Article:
posted by pracowity at 12:50 PM on February 4, 2006

Response by poster: Some more details:

I've been thinking about doing this for a few months now. I would like to put a referendum question on the ballot stating "Should marijuana be legalized, regulated and taxed?"

I'm worried that including Marc Emery and head shops would give the issue a stigma. I want to avoid being pro-marijuana or anti-marijuana; rather I want to place the question before the people and allow them to decide.

I'm also fatalistic about the petition itself - I believe that if individuals are willing to make the effort to go out and canvass themselves then the petition will succeed. If the petition fails, that is a clear sign that people are not interested.

The marijuana issue is way deeper than freedom of smokers to puff up without fear of arrest. Landlords' properties are ruined; innocent people are gunned down in our streets; organized crime makes huge profits. Those issues should appeal to people who dislike marijuana. But if Emery and other pro-pot crusaders are involved, those people would not be willing to sign the petition.

As for getting attention out:

I plan to issue regular press releases by email to every newspaper in British Columbia at every stage of the process (petition was submitted to Chief Electoral Officer, CEO accepted the petition, call for canvassers, petition period begins, etc.) I also have a list of Canadian bloggers and high-traffic web forums where I will also issue press releases. These will all point to a website (name yet to be determined, leaning towards, any other suggestions?) where people will be able to get information, sign up as canvassers and download the petition sheets. (Every canvasser must be a registered voter and be registered with the Chief Electoral Officer which is yet another hurdle).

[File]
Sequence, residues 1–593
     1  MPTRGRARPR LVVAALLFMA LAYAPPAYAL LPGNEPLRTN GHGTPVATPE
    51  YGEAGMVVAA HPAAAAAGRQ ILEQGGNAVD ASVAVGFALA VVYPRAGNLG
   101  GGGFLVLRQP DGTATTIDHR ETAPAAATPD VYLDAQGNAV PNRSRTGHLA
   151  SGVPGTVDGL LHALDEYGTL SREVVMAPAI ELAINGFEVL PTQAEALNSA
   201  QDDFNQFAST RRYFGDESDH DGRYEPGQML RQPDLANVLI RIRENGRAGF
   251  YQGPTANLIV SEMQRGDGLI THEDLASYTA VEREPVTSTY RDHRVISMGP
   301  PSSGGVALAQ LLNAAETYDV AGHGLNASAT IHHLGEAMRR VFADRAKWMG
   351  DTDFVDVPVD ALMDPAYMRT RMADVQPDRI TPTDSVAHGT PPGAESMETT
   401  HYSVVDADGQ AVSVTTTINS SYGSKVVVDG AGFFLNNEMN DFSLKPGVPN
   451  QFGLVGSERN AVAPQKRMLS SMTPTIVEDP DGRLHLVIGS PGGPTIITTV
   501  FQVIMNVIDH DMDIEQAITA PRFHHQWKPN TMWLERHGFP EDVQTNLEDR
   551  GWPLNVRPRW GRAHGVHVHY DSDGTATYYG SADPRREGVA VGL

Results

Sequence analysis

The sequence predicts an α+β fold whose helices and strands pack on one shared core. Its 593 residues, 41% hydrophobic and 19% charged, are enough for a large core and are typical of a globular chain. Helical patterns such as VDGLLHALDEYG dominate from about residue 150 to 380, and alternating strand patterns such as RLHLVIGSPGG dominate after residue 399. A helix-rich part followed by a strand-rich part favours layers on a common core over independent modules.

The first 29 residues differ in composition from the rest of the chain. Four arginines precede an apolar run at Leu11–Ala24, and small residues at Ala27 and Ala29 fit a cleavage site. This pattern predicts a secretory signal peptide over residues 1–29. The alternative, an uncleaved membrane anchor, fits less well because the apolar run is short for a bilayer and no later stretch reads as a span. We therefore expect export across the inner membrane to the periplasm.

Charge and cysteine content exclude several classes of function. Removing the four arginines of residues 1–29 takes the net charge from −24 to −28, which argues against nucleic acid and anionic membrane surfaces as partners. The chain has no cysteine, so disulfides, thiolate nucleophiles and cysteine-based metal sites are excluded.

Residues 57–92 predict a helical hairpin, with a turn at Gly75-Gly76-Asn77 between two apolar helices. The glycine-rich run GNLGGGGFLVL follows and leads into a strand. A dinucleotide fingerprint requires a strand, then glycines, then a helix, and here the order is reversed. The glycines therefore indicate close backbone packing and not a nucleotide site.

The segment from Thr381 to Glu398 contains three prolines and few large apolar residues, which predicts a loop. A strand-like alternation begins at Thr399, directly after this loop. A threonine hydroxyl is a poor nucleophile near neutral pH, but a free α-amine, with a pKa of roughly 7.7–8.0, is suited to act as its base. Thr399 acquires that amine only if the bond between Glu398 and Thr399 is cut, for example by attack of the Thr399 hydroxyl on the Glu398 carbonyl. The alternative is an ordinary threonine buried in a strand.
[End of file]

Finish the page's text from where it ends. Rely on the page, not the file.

Talking to college groups and other biased groups and getting Rick Mercer involved are great ideas I had not thought of. Also the information on how to collect signatures is very useful. Any more thoughts, anyone?
posted by angrybeaver at 6:03 PM on February 4, 2006

Response by poster: looking at duck's math, 20-40-80-160-320-620-1280-2560 (last generation not required) - does that sound right? :)
posted by angrybeaver at 6:05 PM on February 4, 2006

Yes, that's what I meant.
posted by duck at 7:31 PM on February 4, 2006

Umm...on more thing...Have you talked to a lawyer? Isn't the legalizing of marijuana under federal jurisdiction? What does a BC initiative buy you?
posted by duck at 7:38 PM on February 4, 2006

Response by poster: It buys me absolutely nothing. Even the question itself that I'm proposing says "Should... ?" which in legal parlance means nothing.